On January 22, 2008, Knoblauch was subpoenaed by the congressional committee investigating steroids in baseball after he failed to respond to an invitation to give a deposition by the January 18, 2008 deadline.[16] On January 23, the Associated Press reported that federal marshals had as yet been unable to find Knoblauch to serve him with the subpoena.[17]

On January 28, 2008, it was reported that the congressional subpoena had been withdrawn after Knoblauch agreed to give a deposition on February 1, 2008.[18]

Knoblauch has admitted to using human growth hormone: "I did HGH. It didn't help me out. It didn't make me any better. I had the worst years of my career from a batting average standpoint. And I got hurt. So there was no good that came out of it for me—it was not performance-enhancing for me."[19]

See also[edit]

References[edit]

  1. ^ Johnson, Lloyd (1994). The Minor League Register. Baseball America. ISBN 0-963-71893-2
  2. ^ http://www.aggielettermen.org/chuck-knoblauch-90-baseball/
  3. ^ Associated Press (2001-05-03). "Knoblauch puzzled by fans' abuse". Baseball (ESPN). Archived from the original on 2003-02-11. Retrieved 2008-09-12. 
  4. ^ Buster Olney (1998-03-29). "1998 BASEBALL PREVIEW; The New Combination Lock". New York Times. Retrieved 2008-01-23. 
  5. ^ Associated Press (1998-10-09). "'Chuck Brainlauch': Yankees second baseman laments failure to fetch". Sports Illustrated. Retrieved 2008-01-23. 
  6. ^ Ted Rose (2001-04-30). "Chuck's Angels". New York. Retrieved 2008-01-23. 
  7. ^ Olney, Buster. "BASEBALL; After Three Errors, Knoblauch Walks Out". www.nytimes.com. Retrieved 1 February 2013.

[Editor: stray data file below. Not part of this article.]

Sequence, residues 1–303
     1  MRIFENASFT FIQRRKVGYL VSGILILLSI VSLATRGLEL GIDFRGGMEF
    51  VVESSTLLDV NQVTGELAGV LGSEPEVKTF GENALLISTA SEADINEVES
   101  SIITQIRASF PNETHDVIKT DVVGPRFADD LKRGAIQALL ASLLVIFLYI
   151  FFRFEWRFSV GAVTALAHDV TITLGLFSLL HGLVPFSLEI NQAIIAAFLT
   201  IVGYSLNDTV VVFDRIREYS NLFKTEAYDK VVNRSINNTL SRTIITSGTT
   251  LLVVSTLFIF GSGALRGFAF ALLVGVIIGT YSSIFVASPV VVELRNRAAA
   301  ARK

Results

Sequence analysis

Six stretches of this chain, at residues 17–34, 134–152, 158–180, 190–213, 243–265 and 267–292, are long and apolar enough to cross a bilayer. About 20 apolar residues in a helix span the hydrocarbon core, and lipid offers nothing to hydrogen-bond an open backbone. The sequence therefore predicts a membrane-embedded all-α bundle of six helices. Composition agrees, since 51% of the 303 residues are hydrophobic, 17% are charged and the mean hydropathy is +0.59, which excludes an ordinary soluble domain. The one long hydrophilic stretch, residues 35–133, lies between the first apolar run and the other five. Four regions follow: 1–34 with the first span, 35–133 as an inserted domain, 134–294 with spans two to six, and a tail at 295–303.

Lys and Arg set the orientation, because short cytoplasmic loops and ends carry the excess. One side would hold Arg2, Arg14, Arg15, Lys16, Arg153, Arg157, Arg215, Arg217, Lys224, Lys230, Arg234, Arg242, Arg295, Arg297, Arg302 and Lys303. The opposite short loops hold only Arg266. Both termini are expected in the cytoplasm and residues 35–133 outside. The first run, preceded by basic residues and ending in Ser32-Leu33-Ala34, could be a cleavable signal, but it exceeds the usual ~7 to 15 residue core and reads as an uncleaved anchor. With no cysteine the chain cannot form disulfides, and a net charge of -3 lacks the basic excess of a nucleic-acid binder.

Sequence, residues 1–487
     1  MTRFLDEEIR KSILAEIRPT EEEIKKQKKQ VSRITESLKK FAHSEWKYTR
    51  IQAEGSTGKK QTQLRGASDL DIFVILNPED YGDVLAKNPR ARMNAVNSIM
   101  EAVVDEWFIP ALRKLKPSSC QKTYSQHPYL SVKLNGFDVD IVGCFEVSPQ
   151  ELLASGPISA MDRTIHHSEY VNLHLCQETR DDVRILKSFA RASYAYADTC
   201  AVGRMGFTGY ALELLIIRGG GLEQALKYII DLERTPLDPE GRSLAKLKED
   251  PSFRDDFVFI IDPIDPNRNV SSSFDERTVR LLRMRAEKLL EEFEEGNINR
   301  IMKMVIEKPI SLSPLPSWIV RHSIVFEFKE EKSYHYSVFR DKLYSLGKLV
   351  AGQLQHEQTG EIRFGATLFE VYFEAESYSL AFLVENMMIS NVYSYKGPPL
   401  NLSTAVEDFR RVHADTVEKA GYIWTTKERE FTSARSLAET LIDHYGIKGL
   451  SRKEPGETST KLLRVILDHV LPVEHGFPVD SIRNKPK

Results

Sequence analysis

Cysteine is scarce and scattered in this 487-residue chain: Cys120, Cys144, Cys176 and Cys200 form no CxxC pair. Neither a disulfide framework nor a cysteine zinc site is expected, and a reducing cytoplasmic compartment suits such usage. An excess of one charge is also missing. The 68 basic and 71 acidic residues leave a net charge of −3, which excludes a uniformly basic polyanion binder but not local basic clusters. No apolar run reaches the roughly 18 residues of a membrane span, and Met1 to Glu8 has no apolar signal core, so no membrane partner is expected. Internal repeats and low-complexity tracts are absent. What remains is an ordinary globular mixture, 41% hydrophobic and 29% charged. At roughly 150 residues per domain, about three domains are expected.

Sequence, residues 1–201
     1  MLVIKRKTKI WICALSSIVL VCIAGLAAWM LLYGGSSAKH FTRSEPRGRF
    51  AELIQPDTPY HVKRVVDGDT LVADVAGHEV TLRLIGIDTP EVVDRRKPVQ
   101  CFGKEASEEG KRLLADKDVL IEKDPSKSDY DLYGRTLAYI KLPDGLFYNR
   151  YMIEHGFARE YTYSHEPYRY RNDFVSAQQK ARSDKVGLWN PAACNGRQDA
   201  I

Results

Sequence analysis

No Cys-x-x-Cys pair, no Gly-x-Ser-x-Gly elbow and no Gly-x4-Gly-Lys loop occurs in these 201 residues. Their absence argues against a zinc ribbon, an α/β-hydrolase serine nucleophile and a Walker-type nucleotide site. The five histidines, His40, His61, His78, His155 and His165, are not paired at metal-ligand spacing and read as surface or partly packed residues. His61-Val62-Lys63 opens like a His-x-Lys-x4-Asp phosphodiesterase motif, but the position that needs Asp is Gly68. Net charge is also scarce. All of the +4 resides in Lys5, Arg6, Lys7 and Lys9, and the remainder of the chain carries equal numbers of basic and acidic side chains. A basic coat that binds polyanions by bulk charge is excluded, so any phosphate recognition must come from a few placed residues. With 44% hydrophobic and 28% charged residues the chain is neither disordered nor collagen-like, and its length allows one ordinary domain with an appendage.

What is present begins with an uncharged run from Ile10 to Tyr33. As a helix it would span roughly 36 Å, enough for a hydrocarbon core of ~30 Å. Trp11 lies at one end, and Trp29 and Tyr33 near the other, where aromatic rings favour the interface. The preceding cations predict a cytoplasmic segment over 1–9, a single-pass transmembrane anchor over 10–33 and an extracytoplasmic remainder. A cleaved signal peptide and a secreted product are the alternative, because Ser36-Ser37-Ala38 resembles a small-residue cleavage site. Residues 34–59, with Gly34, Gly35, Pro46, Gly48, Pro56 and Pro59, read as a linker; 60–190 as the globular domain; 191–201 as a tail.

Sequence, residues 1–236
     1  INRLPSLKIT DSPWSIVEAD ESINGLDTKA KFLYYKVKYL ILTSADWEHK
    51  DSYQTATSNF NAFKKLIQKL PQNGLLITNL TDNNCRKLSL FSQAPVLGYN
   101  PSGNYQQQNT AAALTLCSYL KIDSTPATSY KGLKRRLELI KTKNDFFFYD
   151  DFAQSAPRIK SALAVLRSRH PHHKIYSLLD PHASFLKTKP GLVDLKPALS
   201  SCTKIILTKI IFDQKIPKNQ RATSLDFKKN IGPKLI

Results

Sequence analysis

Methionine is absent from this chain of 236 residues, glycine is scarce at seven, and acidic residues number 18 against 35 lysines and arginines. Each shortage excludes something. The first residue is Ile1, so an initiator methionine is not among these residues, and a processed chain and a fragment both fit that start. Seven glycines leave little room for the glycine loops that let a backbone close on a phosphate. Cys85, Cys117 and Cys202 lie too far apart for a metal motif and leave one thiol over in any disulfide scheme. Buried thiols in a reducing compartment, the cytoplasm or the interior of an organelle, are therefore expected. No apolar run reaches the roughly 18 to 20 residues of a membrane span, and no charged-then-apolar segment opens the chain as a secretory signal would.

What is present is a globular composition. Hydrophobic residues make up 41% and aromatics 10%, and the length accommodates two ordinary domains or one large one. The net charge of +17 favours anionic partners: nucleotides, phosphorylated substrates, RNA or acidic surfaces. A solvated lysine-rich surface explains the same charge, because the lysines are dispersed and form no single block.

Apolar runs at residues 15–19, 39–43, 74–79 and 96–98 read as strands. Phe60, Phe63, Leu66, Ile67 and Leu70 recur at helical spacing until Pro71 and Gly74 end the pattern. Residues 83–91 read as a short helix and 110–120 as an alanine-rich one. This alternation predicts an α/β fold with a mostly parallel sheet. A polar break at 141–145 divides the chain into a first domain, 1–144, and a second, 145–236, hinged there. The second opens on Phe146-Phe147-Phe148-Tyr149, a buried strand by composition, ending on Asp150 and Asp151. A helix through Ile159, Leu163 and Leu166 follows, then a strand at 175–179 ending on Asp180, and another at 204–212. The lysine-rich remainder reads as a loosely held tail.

8. ^ a b c Zand, Joel (2009-09-29). "Ex-Yankee Chuck Knoblauch Charged With Choking Wife". FindLaw. Retrieved 2009-09-30. 
  9. ^ Thompson, Steve (2009-09-11). "New law moves all strangulations from misdemeanor to felony". The Dallas Morning News. Retrieved 2009-09-30. 
  10. ^ Associated Press. "Knoblauch pleads guilty in assault case". ESPN. Retrieved 2010-03-16. 
  11. ^ Rogers, Brian (2009-09-29). "Knoblauch surrenders to authorities". Houston Chronicle. Retrieved 2009-09-30. 
  12. ^ Mitchell, George J.; DLA Piper US, LLP. (2007-12-13). "Mitchell Report" (PDF). Office of the Commissioner of Baseball. pp. 174–75, 177. Retrieved 2008-09-12. 
  13. ^ "Affidavit: Grimsley named players". CNN. 2007-12-20. Retrieved 2007-12-31. [dead link]
  14. ^ Duff Wilson (2008-01-11). "Knoblauch Ends Silence About Report From Mitchell". The New York Times. Retrieved 2008-01-11. 
  15. ^ "Knoblauch says 'nothing to hide' from steroids probe". ESPN. 2008-01-11. Retrieved 2008-01-11. 
  16. ^ "Knoblauch subpoenaed after he failed to respond to invite". ESPN. 2008-01-22. Retrieved 2008-01-23. 
  17. ^ "Federal marshals unable to find, serve Knoblauch with subpoena". ESPN. 2008-01-23. Retrieved 2008-01-23. 
  18. ^ "Congress withdraws subpoena after Knoblauch agrees to talk before hearing". ESPN. 2008-01-28. Retrieved 2008-01-28. 
  19. ^ "Chuck Knoblauch: Unpacking memories". StarTribune. 2011-09-22. Retrieved 2013-08-14. 

External links[edit]